The rate at which men suffer from hair loss is very individualized. A lot of men may lose their hair during their early twenties. Others may exhibit signs of hair thinning after their fifties, only to have an advance degree of hair loss problem within a span of one to two years.
For men who are genetically predisposed to hair loss, it is crucial to understand just how far your condition has progressed. Why? This is in order to know what kind of treatment is suitable or best to prevent and stop the onset of your hair loss condition. A tool referred to as the Hamilton–Norwood scale, developed by Dr. James Hamilton and Dr. O’Tar Norwood, aids in classifying the different ways pattern baldness occurs in men. This standard scale of measurement gives a comparative assessment on the stages of male pattern baldness.
This chart serves a guide to determine how advanced the hair loss is, using various stages ranging from I to VII. The higher is the level, the more pronounced is the male pattern baldness.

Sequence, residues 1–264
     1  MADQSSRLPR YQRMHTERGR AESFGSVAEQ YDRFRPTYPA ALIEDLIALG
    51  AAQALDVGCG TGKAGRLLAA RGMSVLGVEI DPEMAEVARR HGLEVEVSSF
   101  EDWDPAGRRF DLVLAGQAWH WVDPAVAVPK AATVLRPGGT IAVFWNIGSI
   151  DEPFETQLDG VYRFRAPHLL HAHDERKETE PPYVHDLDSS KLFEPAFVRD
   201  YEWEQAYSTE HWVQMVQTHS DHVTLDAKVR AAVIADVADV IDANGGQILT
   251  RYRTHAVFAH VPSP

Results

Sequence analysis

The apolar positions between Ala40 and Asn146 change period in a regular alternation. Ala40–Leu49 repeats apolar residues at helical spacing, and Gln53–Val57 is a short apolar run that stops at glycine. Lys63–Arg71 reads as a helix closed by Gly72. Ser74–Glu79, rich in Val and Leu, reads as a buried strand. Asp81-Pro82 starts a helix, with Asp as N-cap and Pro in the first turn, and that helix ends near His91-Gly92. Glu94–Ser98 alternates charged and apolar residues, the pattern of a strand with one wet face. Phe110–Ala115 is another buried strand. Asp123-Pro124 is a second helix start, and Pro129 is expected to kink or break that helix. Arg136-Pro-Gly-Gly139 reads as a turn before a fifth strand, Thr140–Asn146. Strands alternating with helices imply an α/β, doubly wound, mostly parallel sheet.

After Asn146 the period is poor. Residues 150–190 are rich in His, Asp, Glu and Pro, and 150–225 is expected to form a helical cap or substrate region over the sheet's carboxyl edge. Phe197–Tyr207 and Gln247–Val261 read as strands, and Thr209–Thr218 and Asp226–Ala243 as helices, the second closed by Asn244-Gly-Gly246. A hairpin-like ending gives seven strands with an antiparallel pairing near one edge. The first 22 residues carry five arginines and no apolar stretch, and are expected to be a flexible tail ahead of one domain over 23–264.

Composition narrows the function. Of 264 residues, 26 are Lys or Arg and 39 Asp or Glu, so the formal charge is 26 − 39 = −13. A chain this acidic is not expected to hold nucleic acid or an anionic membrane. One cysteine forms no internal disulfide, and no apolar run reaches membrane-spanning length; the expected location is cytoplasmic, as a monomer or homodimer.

Primary Classifications of Hair Loss: Anterior versus Vertex
In the Hamilton-Norwood Scale, the pattern of baldness in men is categorized into two main types: the anterior and the vertex. The anterior exhibits a receding hairline at the front area, which is temples, while the vertex is characterized with a receding hair line on the back portion known as the crown area of the head.
In stages 1 and 2, the hair loss or hair thinning condition is considered mild. These stages show a minor recession of the hairline and the central front part of the scalp becomes thinner. During these stages, the hair thinning and hair loss condition can still be prevented and hair regrowth is still possible. With that, early treatment is recommended in order to hamper the progression of the hair loss condition.
In stages 3 to 4, the hair loss is clearly noticeable and the hairline becomes deeper compared to stages 1 and 2. These stages are said to be the early phases of male pattern baldness. This is a crucial moment since the bald spot grows larger; hence, more aggressive actions are needed to prevent its onset and to regrowth healthier hair strands. Without the treatment, the hair loss condition may worsen.
In stages 5 to 7, the hair loss is considered severe. During these stages, the hair will become finer and thinner, and its quality is usually weak. Any type of hair loss treatment would not be effective. However, hair restoration procedures like hair transplantation and non-surgical hair replacement using hair systems are possible.
Bottom Line, determining the degree of hair loss is vital in order to prevent the worsening of the hair loss and hair thinning problem. Always bear in mind that—an ounce of prevention is always better that a ton of cure.